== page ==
By Jason Godfrey, Safesite general manager
According to the work at height hierarchy of control, wherever possible work at height should be avoided, and if impossible, collective fall protection such as guardrails or barriers should be the next step.
However, what if guardrails or barriers are not deemed reasonably practicable?
After avoiding work completely and collective protection, personal fall protection might be your only option.
‘Personal Fall Protection’ refers to systems such as horizontal lifelines or portable anchor points, which can be used in both ‘fall restraint’ and ‘fall arrest. Regardless of how the system is used it must be designed and rated to the Fall Arrest Standard. But what’s the difference?
Fall restraint, essentially, prevents you from falling. They usually make use of a body holding device, such as a harness, lanyard and then connected to an anchor point, physically preventing you from reaching an area of high fall risk. You may also see fall restraint referred to as ‘work restraint’ or simply ‘restraint’.
In the work at height hierarchy of controls restraint is described as preferable to fall arrest, as it is reduces the risk of injury, can be more cost effective due to the absence of shock absorbers and perhaps most importantly, does not require a rescue plan.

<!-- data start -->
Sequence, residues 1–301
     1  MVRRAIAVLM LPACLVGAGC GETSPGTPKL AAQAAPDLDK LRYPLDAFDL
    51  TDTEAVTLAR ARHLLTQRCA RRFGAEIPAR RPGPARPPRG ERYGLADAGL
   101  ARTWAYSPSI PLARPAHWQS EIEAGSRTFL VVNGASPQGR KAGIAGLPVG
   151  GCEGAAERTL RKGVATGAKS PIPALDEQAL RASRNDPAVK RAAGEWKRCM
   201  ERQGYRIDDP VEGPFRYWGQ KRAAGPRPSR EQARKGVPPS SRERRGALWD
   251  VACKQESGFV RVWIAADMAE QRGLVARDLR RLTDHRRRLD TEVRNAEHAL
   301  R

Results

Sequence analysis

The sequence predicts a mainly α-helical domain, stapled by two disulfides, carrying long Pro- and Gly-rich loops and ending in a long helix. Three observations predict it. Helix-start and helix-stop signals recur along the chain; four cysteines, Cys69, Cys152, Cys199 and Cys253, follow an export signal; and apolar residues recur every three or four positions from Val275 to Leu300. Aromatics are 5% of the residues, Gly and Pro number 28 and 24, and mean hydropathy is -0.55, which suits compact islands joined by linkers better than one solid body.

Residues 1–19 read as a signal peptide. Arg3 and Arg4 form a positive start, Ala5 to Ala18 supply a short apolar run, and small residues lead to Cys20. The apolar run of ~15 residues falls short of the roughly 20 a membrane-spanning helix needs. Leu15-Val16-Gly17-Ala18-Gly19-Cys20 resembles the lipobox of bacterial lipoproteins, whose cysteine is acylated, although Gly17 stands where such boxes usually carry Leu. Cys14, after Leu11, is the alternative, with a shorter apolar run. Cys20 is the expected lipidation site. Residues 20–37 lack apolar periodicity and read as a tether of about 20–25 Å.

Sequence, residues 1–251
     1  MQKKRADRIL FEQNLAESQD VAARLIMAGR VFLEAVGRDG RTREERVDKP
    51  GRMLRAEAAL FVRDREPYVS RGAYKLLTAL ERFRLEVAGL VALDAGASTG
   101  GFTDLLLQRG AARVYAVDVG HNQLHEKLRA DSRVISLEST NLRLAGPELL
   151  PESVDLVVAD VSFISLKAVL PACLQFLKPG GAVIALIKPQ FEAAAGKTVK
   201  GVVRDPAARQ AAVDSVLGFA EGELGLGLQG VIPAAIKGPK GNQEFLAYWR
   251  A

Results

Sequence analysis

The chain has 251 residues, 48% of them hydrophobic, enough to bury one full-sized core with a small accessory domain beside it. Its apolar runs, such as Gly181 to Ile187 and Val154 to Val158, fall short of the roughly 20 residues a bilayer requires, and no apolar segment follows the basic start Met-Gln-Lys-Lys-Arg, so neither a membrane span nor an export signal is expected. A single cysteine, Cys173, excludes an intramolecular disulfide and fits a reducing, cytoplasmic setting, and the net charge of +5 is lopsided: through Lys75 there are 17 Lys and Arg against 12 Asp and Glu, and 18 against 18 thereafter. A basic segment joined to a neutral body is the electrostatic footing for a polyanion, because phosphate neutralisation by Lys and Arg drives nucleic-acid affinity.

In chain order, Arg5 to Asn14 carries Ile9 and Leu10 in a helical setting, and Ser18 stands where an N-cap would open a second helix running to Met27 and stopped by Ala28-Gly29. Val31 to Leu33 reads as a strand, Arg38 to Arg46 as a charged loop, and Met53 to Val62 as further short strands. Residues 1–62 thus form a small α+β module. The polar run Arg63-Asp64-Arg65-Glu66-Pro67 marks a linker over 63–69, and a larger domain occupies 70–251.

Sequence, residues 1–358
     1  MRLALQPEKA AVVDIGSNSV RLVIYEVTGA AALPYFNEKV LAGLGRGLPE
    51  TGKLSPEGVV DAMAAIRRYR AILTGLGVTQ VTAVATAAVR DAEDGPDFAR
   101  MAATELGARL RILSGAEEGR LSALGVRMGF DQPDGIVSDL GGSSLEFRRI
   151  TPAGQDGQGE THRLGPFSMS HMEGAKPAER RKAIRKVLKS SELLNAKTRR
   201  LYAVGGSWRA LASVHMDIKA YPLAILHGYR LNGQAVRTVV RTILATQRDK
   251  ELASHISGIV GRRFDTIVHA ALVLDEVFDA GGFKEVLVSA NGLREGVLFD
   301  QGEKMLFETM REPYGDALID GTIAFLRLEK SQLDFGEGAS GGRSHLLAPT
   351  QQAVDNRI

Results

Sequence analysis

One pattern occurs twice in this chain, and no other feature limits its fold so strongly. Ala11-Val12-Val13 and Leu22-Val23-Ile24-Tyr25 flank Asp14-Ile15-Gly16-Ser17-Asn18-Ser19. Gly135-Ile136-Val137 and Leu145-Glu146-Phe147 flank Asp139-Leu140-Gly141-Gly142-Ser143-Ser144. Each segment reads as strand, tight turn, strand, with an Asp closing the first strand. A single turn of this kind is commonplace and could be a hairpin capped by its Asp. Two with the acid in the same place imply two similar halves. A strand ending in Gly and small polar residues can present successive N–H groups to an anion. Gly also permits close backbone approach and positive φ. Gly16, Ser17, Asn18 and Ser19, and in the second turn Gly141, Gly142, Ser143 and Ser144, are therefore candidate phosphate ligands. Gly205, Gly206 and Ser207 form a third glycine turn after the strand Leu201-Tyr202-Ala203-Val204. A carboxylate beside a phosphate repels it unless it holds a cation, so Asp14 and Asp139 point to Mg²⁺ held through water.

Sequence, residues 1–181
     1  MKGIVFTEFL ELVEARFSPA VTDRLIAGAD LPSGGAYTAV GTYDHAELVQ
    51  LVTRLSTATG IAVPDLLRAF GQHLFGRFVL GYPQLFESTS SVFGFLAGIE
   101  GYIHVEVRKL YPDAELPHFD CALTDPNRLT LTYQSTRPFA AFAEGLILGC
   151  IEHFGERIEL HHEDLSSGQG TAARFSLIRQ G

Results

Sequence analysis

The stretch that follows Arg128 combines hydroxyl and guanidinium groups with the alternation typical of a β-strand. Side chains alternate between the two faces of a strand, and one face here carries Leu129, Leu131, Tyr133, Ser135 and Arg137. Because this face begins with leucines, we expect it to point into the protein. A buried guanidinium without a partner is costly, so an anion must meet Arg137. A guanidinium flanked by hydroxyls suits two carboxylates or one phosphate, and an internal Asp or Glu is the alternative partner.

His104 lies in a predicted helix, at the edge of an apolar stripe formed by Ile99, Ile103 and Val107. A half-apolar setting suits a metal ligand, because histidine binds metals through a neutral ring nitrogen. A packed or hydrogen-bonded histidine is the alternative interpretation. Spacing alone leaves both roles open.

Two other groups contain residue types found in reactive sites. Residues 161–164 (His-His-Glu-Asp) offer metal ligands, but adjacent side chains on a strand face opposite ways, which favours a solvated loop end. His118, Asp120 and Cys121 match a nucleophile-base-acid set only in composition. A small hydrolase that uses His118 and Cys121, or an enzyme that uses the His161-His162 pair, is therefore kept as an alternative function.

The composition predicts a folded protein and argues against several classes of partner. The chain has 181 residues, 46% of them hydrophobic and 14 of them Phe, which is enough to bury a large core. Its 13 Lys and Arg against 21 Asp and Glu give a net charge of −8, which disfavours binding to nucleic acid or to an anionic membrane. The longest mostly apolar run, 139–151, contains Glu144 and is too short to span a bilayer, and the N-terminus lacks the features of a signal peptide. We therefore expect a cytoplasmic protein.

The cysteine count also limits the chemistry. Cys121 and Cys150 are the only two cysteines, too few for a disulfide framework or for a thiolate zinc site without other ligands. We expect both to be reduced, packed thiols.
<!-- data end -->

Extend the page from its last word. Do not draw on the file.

You do however have to consider evacuation in the event of accident or emergency.
Often fall restraint is the only feasible option, due to low building height, or vehicles, racking and machinery reducing fall distance.
How about Fall Arrest?
When you see the term ‘fall arrest’, it will be referring to systems which do not restrict you from going near areas where there is a fall risk, but will activate if you do happen to fall and should stop you before you hit the ground.
Much like fall restraint, arrest systems feature harnesses, lanyards and anchor points. shock absorbers will be incorperated in the system to effectively slow your fall and or reduce the forces applied to the anchor points also limiting damage to your body from the forces of gravity.
When should I use a fall arrest system over fall restraint?
When you are working on a fragile surface, such as near rooflights or on older roof surfaces, or on a narrow ledge, fall arrest will likely your best option; you will be less confident about when and where you may actually fall. More people fall through fragile roofs than from the edge.
The fall arrest system should be used with personal protective equipment, and you must either have the correct training or ensure your employees and contractors have that training themselves. You are also required to have a rescue plan in place which ensures the person that falls can be retrieved as quickly as possible.
For more information about fall arrest or fall restraint, or to enquire about our systems, you can either call us on 01293 529977 or use our online contact form.